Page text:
Sex differences tend to be larger– not smaller– in more individualistic, gender-egalitarian countries

Jul 16, 2020

A large number of well done studies have painted a rather consistent picture of sex differences in personality that are strikingly consistent across cultures (see herehere, and here). It turns out that the most pervasive sex differences are seen at the “narrow” level of personality traits, not the “broad” level (see here for a great example of this basic pattern).

On average, males tend to be more dominant, assertive, risk-prone, thrill-seeking, tough-minded, emotionally stable, utilitarian, and open to abstract ideas. Males also tend to score higher on self-estimates of intelligence, even though sex differences in general intelligence measured as an ability are negligible [2]. Men also tend to form larger, competitive groups in which hierarchies tend to be stable and in which individual relationships tend to require little emotional investment. In terms of communication style, males tend to use more assertive speech and are more likely to interrupt people (both men and women) more often– especially intrusive interruptions– which can be interpreted as a form of dominant behavior.

Of course, there are many men who don’t display high levels of all of these traits. But that fact doesn’t contradict the broader pattern.

In contrast, females, on average, tend to be more sociable, sensitive, warm, compassionate, polite, anxious, self-doubting, and more open to aesthetics. On average, women are more interested in intimate, cooperative dyadic relationships that are more emotion-focused and characterized by unstable hierarchies and strong egalitarian norms. Where aggression does arise, it tends to be more indirect and less openly confrontational. Females also tend to display better communication skills, displaying higher verbal ability and the ability to decode other people’s nonverbal behavior. Women also tend to use more affiliative and tentative speech in their language, and tend to be more expressive in both their facial expressions and bodily language (although men tend to adopt a more expansive, open posture). On average, women also tend to smile and cry more frequently than men, although these effects are very contextual and the differences are substantially larger when males and females believe they are being observed than when they believe they are alone.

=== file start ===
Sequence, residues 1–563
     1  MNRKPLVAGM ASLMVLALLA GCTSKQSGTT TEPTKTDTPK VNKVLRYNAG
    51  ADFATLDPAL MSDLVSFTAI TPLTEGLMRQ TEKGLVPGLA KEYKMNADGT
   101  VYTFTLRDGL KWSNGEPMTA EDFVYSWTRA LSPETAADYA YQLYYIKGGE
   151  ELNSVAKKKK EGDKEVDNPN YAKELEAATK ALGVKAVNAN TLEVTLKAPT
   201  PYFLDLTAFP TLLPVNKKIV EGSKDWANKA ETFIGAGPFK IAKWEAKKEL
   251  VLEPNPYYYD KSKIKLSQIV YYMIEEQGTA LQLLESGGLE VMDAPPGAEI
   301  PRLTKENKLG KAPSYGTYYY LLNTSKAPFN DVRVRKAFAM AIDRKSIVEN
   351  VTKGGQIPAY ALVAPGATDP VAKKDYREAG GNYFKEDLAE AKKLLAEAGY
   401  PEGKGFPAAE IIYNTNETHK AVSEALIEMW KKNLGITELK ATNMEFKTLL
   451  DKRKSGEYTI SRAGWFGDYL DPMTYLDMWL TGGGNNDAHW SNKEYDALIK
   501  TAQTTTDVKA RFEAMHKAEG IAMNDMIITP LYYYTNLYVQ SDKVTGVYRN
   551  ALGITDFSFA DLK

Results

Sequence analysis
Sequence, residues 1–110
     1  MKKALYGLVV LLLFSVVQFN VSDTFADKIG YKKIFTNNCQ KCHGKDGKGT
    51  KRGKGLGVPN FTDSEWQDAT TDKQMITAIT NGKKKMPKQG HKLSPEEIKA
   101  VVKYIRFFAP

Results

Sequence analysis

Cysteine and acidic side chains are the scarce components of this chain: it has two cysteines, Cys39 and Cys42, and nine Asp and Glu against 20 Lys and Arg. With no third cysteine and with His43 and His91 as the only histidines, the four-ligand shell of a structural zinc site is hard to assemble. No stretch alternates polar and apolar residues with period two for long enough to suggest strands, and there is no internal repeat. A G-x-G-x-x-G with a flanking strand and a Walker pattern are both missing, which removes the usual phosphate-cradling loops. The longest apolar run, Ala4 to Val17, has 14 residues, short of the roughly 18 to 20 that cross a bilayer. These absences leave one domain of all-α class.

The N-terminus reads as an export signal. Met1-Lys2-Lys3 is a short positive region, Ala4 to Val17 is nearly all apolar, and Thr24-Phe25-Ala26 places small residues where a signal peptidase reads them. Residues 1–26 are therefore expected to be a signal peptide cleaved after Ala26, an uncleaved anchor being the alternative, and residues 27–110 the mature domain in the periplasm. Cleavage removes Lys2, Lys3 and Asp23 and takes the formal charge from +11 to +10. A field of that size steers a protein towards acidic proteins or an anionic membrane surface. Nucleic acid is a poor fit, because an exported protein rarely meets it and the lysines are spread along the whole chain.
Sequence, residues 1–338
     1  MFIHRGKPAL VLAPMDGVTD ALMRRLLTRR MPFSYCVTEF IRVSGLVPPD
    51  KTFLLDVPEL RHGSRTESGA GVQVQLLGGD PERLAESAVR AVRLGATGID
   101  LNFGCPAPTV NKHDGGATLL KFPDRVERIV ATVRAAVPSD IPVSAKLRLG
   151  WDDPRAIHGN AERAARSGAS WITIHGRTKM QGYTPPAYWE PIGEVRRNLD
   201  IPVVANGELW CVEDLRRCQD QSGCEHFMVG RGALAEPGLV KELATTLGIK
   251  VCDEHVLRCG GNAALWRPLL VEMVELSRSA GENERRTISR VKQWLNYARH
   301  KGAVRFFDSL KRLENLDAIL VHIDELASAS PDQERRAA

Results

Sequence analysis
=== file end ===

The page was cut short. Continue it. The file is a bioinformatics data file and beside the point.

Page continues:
Contrary to what one might expect, for all of these personality effects the sex differences tend to be larger– not smaller– in more individualistic, gender-egalitarian countries. One could make the point that many of these differences aren’t huge, and they’d be mostly right if we just stopped our analysis here [3]. However, in recent years it’s becoming increasingly clear that when you take a look at the overall gestalt of personality– taking into account the correlation between the traits– the differences between the sexes become all the more striking.

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